Jill Biden to Namibian youth: Protect your democracy
WINDHOEK, Namibia — U.S. first lady Jill Biden on Friday told the young people of Namibia that the democracy their parents and grandparents fought for is now theirs to defend and protect.
She encouraged them to include women and girls, voices that she said are too often unheard, as they move forward.
“As the first generation to be born into a free Namibia, the legacy that your parents and grandparents created is now yours — yours to defend and protect,” Biden told a largely student audience at Namibia University of Science and Technology.
“Yours to grow. And as we look forward, we must remember that the fight for democracy has no end.”
Namibia is a relatively young democracy, gaining its independence from South Africa in 1990.
Biden is midway through her first tour of Africa as first lady, including a visit to Kenya that begins later Friday.
She is using the trip to focus on empowering women and girls as well as to highlight a devastating drought that is increasing food insecurity across the Horn of Africa.
“We must build on the foundation of democracy by lifting up those voices that have gone unheard, particularly women and girls, people living on the margins of society, or those vulnerable to abuse,” Biden told the audience of more than 1,000 students from different schools seated around her in a campus courtyard.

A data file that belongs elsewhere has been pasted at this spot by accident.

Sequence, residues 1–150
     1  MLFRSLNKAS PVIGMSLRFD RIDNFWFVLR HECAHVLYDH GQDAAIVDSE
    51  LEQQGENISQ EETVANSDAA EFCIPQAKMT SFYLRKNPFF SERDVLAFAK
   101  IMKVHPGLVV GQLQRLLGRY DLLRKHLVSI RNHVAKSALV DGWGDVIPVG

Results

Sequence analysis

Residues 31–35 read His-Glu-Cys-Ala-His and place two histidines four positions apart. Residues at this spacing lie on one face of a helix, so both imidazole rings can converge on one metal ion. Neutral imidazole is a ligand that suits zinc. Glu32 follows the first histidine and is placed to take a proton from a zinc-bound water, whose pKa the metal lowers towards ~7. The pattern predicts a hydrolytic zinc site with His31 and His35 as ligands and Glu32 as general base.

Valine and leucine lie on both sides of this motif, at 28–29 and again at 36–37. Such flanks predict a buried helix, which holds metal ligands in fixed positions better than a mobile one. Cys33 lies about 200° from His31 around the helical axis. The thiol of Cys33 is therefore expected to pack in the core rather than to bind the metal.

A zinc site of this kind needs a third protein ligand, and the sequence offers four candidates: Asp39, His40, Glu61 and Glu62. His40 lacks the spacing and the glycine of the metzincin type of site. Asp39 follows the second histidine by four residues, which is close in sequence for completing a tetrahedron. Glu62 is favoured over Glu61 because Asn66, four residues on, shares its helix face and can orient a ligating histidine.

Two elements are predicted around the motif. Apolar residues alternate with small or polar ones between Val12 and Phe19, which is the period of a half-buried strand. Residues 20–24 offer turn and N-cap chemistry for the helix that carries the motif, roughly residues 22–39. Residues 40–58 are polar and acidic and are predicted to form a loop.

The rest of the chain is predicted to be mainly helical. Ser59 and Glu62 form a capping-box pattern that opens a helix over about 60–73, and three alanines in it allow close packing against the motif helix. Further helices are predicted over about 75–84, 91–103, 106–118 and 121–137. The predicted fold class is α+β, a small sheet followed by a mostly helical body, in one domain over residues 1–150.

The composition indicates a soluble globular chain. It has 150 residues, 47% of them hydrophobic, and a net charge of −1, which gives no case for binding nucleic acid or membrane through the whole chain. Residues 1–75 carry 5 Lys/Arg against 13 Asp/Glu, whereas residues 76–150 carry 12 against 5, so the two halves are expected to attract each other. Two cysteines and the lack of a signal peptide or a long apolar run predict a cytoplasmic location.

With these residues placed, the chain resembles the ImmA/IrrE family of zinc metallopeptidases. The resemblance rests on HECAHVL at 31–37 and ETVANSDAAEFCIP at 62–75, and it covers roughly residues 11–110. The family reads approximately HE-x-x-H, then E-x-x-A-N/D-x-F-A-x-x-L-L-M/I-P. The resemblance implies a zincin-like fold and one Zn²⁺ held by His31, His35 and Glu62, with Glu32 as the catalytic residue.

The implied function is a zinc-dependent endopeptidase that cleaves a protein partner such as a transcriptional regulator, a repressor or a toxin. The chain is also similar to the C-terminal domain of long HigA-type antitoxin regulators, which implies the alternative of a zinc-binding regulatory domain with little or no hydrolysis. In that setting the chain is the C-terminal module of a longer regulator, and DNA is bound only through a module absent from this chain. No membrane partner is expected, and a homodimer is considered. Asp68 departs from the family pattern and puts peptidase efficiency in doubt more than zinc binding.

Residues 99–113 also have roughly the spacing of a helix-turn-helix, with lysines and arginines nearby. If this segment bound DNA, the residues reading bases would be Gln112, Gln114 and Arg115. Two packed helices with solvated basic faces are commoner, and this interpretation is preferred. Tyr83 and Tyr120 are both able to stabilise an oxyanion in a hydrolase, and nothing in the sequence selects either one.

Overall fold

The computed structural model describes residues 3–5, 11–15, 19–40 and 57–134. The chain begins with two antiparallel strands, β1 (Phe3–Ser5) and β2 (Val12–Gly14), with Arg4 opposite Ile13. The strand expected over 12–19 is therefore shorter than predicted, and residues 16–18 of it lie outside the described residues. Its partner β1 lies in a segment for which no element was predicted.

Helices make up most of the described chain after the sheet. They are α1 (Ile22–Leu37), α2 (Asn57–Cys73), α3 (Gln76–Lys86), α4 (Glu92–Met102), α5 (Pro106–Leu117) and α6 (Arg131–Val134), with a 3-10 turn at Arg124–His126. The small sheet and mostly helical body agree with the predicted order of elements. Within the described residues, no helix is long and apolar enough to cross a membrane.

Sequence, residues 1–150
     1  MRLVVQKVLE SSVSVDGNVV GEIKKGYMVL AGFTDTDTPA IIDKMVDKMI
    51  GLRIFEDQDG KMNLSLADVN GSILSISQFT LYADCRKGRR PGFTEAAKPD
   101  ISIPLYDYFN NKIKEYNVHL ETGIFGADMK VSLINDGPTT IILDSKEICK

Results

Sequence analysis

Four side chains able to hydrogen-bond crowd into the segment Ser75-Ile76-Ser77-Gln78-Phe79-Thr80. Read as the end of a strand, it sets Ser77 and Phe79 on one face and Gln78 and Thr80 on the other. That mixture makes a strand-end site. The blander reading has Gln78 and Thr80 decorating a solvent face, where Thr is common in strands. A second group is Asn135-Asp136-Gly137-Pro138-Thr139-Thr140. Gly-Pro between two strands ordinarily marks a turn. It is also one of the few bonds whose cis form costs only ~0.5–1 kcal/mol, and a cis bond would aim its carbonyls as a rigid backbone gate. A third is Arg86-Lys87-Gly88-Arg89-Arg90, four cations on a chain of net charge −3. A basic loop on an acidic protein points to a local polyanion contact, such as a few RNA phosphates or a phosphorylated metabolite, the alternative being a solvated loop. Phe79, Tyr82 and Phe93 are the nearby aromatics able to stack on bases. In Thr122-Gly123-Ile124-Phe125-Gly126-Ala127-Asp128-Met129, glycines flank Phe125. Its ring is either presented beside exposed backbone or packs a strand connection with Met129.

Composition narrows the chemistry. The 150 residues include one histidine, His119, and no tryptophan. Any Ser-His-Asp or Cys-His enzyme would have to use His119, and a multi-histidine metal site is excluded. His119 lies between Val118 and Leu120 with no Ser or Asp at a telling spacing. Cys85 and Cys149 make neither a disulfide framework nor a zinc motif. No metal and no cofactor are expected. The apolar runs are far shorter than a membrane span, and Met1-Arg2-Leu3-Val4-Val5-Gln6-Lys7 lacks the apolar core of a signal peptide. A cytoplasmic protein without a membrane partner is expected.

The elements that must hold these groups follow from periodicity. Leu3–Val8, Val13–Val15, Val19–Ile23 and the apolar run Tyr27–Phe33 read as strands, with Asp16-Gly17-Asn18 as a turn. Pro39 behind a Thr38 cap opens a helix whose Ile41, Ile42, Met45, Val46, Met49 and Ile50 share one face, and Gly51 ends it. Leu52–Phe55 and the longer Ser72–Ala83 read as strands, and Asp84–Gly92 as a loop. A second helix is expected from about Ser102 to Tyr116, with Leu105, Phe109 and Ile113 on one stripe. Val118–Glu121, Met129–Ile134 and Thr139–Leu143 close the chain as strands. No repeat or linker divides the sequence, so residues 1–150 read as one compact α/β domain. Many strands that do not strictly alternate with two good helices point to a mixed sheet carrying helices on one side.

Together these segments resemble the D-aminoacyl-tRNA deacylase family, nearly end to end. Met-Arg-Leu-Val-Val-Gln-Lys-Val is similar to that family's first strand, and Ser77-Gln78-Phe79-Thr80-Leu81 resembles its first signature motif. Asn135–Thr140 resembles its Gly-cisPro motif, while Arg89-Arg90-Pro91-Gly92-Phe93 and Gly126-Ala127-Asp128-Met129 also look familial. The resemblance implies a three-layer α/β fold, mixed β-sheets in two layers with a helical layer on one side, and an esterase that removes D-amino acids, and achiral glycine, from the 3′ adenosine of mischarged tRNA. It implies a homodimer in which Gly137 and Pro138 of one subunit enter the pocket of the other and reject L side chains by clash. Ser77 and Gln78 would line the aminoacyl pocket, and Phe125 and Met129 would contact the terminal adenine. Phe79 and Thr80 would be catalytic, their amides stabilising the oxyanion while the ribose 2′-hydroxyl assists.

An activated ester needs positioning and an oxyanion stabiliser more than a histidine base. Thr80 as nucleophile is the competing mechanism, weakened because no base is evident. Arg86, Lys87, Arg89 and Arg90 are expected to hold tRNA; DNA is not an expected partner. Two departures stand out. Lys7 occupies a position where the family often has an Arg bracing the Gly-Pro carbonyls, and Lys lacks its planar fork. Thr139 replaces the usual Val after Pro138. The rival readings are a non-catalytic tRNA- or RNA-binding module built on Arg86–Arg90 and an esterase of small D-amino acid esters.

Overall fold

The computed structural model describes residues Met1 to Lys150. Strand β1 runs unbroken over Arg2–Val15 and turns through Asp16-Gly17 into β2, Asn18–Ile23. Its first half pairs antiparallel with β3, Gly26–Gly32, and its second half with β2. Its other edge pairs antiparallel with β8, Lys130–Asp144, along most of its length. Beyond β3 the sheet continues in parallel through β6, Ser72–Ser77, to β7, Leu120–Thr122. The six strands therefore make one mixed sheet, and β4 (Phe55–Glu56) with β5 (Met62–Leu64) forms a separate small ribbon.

Biden, who has worked with young people throughout her 30-year teaching career, said the students must exercise their rights to disagree and to dissent, to speak up when they see injustice and support leaders who listen to their concerns.
The first lady noted that, in the United States, “we are still defending and strengthening our democracy, almost 250 years after our founding.”
“Democracy isn’t easy. It takes work,” she said during the rousing, rally-style speech. “But it’s worth it, because democracy delivers.”
Afterward, she worked her way around the courtyard in a way that she rarely does, shaking hands and taking selfies with scores of excited students.
At one point, the students cheered as she danced to a drum-heavy African beat.